Measuring Up: Embracing How Your Writing Habits Compare to Others

Poetry Notebook
Raise your hand if you had a weekend full of existential crises during which you questioned the validity of your artistic identity.

*raises hand*

Not that my whole weekend was spent wallowing and procrastinating because I didn’t feel creative enough or whatever; in fact I came up with a more solid yet flexible writing schedule for myself and managed to follow it very nicely. But at night I would keep going to bed thinking about the writing habits of others and wonder if my own make me sound frivolous or as if I’m not serious enough.

My current schedule (goals, benchmarks, whatever) are:

  • 1,000 words (minimum) on weekdays
  • 500 words (minimum) on weekend days
  • One poem a weekday, taking weekends to revise the previous week’s best

I wake up whenever I want, usually between nine and ten, and work as long as it takes me to get to my word count (which applies across the board to whatever project I’m working on for the day: short story, novel, creative nonfiction). Sometimes I finish before my noon internet allowance, sometimes I don’t, in which case it can sometimes take even longer. But since it’s all I do most days right now, I don’t pressure myself or feel rushed.

But I hear so much about people (artists, writers) writing at least twice as much as I do on a given day or working a full eight hours like your typical nine-to-five, and of course that starts to make me feel inadequate: Am I not putting as much into this as I should to be considered “serious”? Am I slacking? Should I be working harder if I want to be successful? (Never mind the discussion of what success even means to me at the moment.)

However, I’ve realized that it’s not just about numbers. There are so many factors that go into how a person uses their work time. It’s about knowing how much your mind and body can take; my brain feels so fried after a day of writing the bare minimum sometimes. It’s about acknowledging each project, not just the big one; even after I do my word goal for a day and my poem, I usually spend time on a blog post, a zine piece, or working on prepping for submissions. I think I forget that these things count because I don’t focus on word count and spent hours when I’m blogging or putting together a zine.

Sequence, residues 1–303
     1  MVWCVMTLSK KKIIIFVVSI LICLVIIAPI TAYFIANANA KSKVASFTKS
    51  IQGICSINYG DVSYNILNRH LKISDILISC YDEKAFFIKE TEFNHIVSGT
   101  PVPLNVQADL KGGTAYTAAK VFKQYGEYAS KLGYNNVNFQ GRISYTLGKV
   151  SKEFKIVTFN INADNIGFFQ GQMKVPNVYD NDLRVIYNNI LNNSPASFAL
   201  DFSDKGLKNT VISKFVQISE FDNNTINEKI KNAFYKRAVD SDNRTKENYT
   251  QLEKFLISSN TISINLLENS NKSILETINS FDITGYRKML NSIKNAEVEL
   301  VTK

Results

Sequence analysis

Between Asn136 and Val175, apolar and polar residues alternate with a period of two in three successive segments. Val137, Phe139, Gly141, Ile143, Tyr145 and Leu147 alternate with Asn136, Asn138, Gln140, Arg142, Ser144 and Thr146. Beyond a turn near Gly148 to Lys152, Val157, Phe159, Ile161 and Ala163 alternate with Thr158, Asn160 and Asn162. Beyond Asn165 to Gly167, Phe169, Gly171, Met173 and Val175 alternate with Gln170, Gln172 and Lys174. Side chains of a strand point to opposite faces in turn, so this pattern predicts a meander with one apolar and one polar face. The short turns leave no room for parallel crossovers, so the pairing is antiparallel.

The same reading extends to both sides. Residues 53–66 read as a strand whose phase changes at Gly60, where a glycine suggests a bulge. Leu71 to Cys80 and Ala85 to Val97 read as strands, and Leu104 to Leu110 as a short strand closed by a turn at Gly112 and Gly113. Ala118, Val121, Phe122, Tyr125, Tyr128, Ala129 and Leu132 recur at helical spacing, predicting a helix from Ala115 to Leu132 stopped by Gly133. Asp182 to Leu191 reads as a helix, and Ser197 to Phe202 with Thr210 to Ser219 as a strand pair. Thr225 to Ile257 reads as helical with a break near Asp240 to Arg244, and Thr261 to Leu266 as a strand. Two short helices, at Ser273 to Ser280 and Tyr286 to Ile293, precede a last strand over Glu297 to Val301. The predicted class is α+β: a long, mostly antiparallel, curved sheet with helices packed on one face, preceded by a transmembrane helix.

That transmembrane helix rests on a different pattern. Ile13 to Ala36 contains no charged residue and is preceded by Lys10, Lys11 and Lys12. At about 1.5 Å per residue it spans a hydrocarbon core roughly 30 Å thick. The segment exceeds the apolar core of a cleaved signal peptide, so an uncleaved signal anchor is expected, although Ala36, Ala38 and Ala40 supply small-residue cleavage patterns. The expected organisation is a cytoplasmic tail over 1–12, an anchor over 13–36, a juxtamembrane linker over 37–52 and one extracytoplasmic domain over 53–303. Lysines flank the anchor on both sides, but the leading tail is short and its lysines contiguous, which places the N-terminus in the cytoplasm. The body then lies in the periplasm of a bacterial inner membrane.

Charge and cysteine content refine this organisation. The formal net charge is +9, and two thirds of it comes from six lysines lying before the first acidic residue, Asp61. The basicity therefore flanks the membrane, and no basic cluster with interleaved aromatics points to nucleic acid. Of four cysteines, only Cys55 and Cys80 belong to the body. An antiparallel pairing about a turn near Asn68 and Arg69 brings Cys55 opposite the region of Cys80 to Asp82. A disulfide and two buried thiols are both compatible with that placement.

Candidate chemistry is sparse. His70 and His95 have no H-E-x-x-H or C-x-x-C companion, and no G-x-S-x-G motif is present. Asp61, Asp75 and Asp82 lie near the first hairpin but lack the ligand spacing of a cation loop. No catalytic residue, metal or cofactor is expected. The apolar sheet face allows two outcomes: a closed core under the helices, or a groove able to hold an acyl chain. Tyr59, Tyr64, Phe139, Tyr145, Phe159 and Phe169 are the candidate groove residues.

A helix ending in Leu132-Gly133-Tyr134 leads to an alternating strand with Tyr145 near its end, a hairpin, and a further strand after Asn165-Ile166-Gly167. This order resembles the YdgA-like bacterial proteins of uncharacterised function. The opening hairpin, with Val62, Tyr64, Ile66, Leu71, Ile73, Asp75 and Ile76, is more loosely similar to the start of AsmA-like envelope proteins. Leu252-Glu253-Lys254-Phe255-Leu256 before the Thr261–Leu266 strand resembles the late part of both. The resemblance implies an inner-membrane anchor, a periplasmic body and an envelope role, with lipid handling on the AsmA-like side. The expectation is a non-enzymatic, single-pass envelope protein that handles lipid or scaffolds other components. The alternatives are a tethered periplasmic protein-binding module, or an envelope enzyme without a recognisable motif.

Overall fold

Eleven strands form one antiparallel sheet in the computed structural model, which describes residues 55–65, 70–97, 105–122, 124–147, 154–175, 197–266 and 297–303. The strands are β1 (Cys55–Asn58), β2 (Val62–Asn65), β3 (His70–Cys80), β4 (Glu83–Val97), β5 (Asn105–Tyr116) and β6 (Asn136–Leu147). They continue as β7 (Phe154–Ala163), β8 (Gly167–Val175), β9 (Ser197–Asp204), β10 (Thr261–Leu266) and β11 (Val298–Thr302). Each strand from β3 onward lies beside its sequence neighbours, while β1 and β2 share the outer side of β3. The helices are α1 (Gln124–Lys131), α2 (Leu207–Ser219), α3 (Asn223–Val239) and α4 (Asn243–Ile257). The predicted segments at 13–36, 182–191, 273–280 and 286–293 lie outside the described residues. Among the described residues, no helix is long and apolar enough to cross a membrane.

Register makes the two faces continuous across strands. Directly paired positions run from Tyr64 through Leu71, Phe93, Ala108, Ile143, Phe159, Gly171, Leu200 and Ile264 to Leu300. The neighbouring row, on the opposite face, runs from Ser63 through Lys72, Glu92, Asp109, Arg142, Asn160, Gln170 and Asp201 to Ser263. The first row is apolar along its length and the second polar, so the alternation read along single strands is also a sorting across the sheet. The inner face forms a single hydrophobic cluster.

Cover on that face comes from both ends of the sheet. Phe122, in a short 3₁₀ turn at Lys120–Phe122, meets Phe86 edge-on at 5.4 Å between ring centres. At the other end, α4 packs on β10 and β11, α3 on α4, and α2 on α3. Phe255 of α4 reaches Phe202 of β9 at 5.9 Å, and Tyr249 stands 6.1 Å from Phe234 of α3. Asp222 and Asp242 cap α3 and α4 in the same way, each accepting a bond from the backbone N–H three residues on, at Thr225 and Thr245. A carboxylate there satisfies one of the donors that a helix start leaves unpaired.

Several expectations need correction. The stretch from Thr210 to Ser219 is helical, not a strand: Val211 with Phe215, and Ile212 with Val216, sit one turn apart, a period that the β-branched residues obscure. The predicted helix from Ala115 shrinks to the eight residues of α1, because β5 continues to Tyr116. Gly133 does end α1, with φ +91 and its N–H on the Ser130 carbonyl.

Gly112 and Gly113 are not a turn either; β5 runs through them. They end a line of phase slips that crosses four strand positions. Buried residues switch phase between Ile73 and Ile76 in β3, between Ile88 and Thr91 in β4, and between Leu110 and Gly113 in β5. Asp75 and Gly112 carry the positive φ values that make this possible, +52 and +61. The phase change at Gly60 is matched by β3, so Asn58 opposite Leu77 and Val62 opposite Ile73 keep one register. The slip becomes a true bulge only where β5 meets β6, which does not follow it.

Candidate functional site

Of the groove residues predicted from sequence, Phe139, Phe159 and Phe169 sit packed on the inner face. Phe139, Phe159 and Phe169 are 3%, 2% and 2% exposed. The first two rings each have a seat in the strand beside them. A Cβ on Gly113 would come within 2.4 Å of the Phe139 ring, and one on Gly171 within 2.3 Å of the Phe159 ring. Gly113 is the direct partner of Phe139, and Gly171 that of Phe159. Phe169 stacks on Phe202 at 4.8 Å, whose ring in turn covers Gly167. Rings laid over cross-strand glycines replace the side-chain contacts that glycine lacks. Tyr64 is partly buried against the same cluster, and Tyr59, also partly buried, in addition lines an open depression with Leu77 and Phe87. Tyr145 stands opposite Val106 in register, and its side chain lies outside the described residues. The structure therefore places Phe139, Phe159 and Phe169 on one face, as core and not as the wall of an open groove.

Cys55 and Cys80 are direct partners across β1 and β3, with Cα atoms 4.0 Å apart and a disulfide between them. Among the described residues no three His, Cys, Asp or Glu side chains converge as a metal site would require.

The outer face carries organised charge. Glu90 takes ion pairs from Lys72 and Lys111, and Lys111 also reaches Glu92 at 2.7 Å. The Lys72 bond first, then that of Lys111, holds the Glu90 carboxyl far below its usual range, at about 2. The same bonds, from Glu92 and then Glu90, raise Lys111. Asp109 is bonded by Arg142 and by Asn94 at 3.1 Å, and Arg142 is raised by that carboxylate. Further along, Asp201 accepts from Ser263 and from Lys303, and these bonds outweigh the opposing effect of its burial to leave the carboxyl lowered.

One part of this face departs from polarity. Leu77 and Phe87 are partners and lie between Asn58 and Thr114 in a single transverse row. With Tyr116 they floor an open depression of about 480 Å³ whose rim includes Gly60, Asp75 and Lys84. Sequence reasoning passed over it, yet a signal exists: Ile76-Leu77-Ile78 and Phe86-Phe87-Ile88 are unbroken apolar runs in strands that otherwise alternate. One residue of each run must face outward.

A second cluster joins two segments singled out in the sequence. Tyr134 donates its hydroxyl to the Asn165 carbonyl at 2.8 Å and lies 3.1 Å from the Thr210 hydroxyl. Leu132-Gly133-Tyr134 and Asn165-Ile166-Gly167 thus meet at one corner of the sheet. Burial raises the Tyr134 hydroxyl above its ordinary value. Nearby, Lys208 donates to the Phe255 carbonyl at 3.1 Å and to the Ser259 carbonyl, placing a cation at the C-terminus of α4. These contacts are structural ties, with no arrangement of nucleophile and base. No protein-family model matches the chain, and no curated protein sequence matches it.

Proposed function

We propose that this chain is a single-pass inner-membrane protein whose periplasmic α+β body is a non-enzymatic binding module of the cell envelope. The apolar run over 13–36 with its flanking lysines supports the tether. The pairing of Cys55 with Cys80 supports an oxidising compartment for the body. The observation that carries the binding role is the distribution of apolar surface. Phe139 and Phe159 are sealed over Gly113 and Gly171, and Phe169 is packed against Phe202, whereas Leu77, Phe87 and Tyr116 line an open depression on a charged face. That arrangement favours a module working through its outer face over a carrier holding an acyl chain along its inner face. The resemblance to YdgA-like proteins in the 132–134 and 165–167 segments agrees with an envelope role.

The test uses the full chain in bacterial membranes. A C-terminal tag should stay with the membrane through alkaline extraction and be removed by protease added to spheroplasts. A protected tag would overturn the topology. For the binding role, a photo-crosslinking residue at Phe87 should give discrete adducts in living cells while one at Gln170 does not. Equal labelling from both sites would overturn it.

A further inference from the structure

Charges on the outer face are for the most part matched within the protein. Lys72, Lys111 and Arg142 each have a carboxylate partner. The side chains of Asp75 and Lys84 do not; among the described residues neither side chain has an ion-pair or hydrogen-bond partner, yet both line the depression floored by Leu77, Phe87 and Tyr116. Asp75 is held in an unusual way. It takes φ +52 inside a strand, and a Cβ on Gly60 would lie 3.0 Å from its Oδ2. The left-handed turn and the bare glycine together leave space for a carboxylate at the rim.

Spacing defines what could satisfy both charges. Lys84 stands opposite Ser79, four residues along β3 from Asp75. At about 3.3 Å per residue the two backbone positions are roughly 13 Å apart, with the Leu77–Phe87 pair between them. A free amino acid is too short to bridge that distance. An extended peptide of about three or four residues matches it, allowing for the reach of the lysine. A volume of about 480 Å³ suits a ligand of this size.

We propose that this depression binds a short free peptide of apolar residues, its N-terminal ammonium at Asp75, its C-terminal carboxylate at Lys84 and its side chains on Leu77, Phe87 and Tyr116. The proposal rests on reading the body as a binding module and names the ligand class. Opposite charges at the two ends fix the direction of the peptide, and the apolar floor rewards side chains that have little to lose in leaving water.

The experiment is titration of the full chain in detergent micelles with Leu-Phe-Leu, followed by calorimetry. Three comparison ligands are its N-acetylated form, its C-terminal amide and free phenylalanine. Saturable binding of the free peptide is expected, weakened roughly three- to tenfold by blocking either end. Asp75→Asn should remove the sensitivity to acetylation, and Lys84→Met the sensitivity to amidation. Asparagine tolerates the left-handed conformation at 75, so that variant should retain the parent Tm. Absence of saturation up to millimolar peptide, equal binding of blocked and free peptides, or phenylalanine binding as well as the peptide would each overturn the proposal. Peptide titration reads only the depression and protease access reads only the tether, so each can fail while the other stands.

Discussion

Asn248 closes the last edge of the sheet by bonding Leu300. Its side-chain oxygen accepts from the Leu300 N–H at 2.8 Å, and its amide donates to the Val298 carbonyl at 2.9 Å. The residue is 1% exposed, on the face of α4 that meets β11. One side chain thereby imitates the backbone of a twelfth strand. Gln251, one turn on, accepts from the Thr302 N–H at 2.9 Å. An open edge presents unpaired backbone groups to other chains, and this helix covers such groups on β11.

Certainly being a writer is first and foremost about the actual writing (and reading), but that’s just not all that goes into it and it isn’t all the typical story/poetry writing. It dawned on me that I need to stop belittling non-traditional writing projects as insignificant because in reality they can actually “boost my cred,” as those crazy kids say these days.

Basically: I need to learn to be easier on myself, more accepting, and more open-minded toward my personal process and projects. I need to remember to embrace the non-traditional and to give myself the credit I deserve. And stop comparing myself to everyone else!

P.S., You’ve probably noticed that pink pen hanging around a lot, especially if you follow me on Instagram. I’ve kind of fallen in love with it as far as pens go and have a total of six floating between the living room, office, and bedroom right now. It’s a Pentel EnerGel, and I guess it’s a special breast cancer one, but I just like how pink it is, plus the flowing consistency of the ink–very good for quick writing.


2 thoughts on “Measuring Up: Embracing How Your Writing Habits Compare to Others

  1. I often fall into that trap with art. Seeing other people’s work, questioning my skill, or even the value of what I’m doing (is it just a big waste of time??) – it can get really discouraging. I usually turn to my journal at that point and right out my ramblings as some self-therapy. But eventually I end up realizing that my art should be about ME, and what I love, and if I’m proud and happy with how I’m developing. But some days, that inner voice just kills the spirit for sure! Good for you for overcoming!!

  2. A true writer enjoys their content.
    Write when you feel like it, and set goals like you did. c:
    Just don’t go overboard with goals, go overboard with your own creativity. c:


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